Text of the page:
Will It Be Indie Obsession Or Oscar Love?

We’ve spent months talking about the Oscars.

We predicted this weekend’s winners by listening to candy-counter loud mouths. We lamented how the freebie award luncheons were coming to an end as voting began. We wondered if Parasite could win the whole thing. We were honest in our thinking that The Irishman wouldn’t win a damn thing and who would be fired because of it. We debated if Jojo Rabbit had enough Nazi in it to win the Oscar gold. We even predicted the snubs that would be the talk of the town, next year.

Bottom line? We’ve talked about the Oscars ad nauseam.

Those were the stories. But now that we’re facing the Ultimate Smackdown Thunderdome Awards Weekend, we felt it would be worth our while to talk about how this weekend is going to play out.

Indie Spirit Awards vs. The Academy Awards

If you’re a fan of film, you for sure know what the Indie Spirit Awards are. They’re the awards show hosted in a Santa Monica airplane hangar, populated by all the indie distributors, talent and journalists who follow that sort of thing. They’re not hosted by the Billy Crystals or the Chris Rocks, but rather the Audrey Plazas and the Bill Murrays (which is the case this year). Typically, the Indie Spirits award films that the Oscars don’t and vice versa, except for some of those anomaly years like when Moonlight cleaned up all over the place.

This weekend won’t be such an anomaly.

The films that were snubbed at the Oscars are going to clean up this Saturday at the Indie Spirits. Those films include movies like Uncut Gems, Booksmart, The Last Black Man in San Francisco, Marriage Story, The Lighthouse, Honey Boy, Midsommar, Clemency, Luce and Parasite.

The films that weren’t allowed to be included in the Indie Spirit Awards, because of their massive budgets and/or releases, but which will clean up this Sunday at the Academy Awards include: 1917, Once Upon a Time in Hollywood, Joker, Jojo Rabbit, Judy and Parasite.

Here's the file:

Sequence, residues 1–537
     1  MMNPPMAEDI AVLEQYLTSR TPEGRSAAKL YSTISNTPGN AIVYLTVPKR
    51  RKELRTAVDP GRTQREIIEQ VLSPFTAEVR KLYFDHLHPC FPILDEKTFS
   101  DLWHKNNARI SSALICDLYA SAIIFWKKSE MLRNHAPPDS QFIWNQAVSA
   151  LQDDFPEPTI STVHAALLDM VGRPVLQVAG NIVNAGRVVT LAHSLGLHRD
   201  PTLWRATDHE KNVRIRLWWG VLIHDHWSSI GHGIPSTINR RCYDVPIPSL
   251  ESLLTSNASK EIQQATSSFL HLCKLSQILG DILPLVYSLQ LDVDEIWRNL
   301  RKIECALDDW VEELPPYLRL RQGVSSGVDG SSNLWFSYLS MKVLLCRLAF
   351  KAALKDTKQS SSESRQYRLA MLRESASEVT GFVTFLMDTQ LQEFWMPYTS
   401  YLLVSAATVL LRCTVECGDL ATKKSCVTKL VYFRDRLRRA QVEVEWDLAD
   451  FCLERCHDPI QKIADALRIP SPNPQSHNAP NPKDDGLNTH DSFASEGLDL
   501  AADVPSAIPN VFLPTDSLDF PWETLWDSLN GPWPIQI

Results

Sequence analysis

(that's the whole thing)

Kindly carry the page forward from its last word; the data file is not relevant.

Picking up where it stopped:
The only true anomaly is that Parasite, the well-deserved South Korean entry for Best International Film is going to pull more awards than any film across both voting bodies.

But we already told you that.

Talk to the truly movie obsessed, and they’ll tell you that it’s a travesty that Indie Spirit nominations don’t closely match Oscar nominations. That if the smaller, Independent films can’t get recognized at the big boy’s table, then there’s something definitely wrong with the system at hand. Some will take the other side, as the Master Blaster of the Thunderdome equation, and bash your head in with the opinion that Oscars are for movies that generate big releases, big money and include big stars, and there’s a time and place for those movies separate altogether from the tiny, itty-bitty sub-$10 million dollar budgeted indie flicks.

In the not-so-immortal words of Rodney King, “can’t we all just get along?”

Does it really matter where the films land? Does it really matter which voting body gives it recognition? In fact, many people support the reduction of awards shows, that this time of the year is so overblown and bloated with awards shows and events, that isn’t it time we just limit them for good? Shouldn’t people just find movies on their own instead of being force fed award messaging from every nominee and winner across the board?

No. Because people are stupid and lazy and they can’t navigate a user interface to save their life.

So the real question going into this weekend isn’t why one movie wasn’t recognized by one voting body, or why the overall nominations are so inconsistent across two major awards shows. The real question is, why people can’t just be happy and embrace the love in the Cinematic Thunderdome? Recognition of the smaller films only allows for more of those films to get made, which means more new voices and more unique projects find their way to the top. The opportunity for those films to rise up into the Oscar season (like Parasite and Uncut Gems) only serves as a continual “feeder system” or “minor league baseball” training camp for up and coming voices, and give them the opportunity to open the door to bigger and better things.

So going into this weekend, we can only hope that a wide array of very different films all become the subject of someone’s filmic obsession. That a slate of films all have their chance at the Oscar Gold. Because the more love spread across more films means that the diversity in projects, voices and stories…will keep coming as the years go by.

At least that’s the hope.

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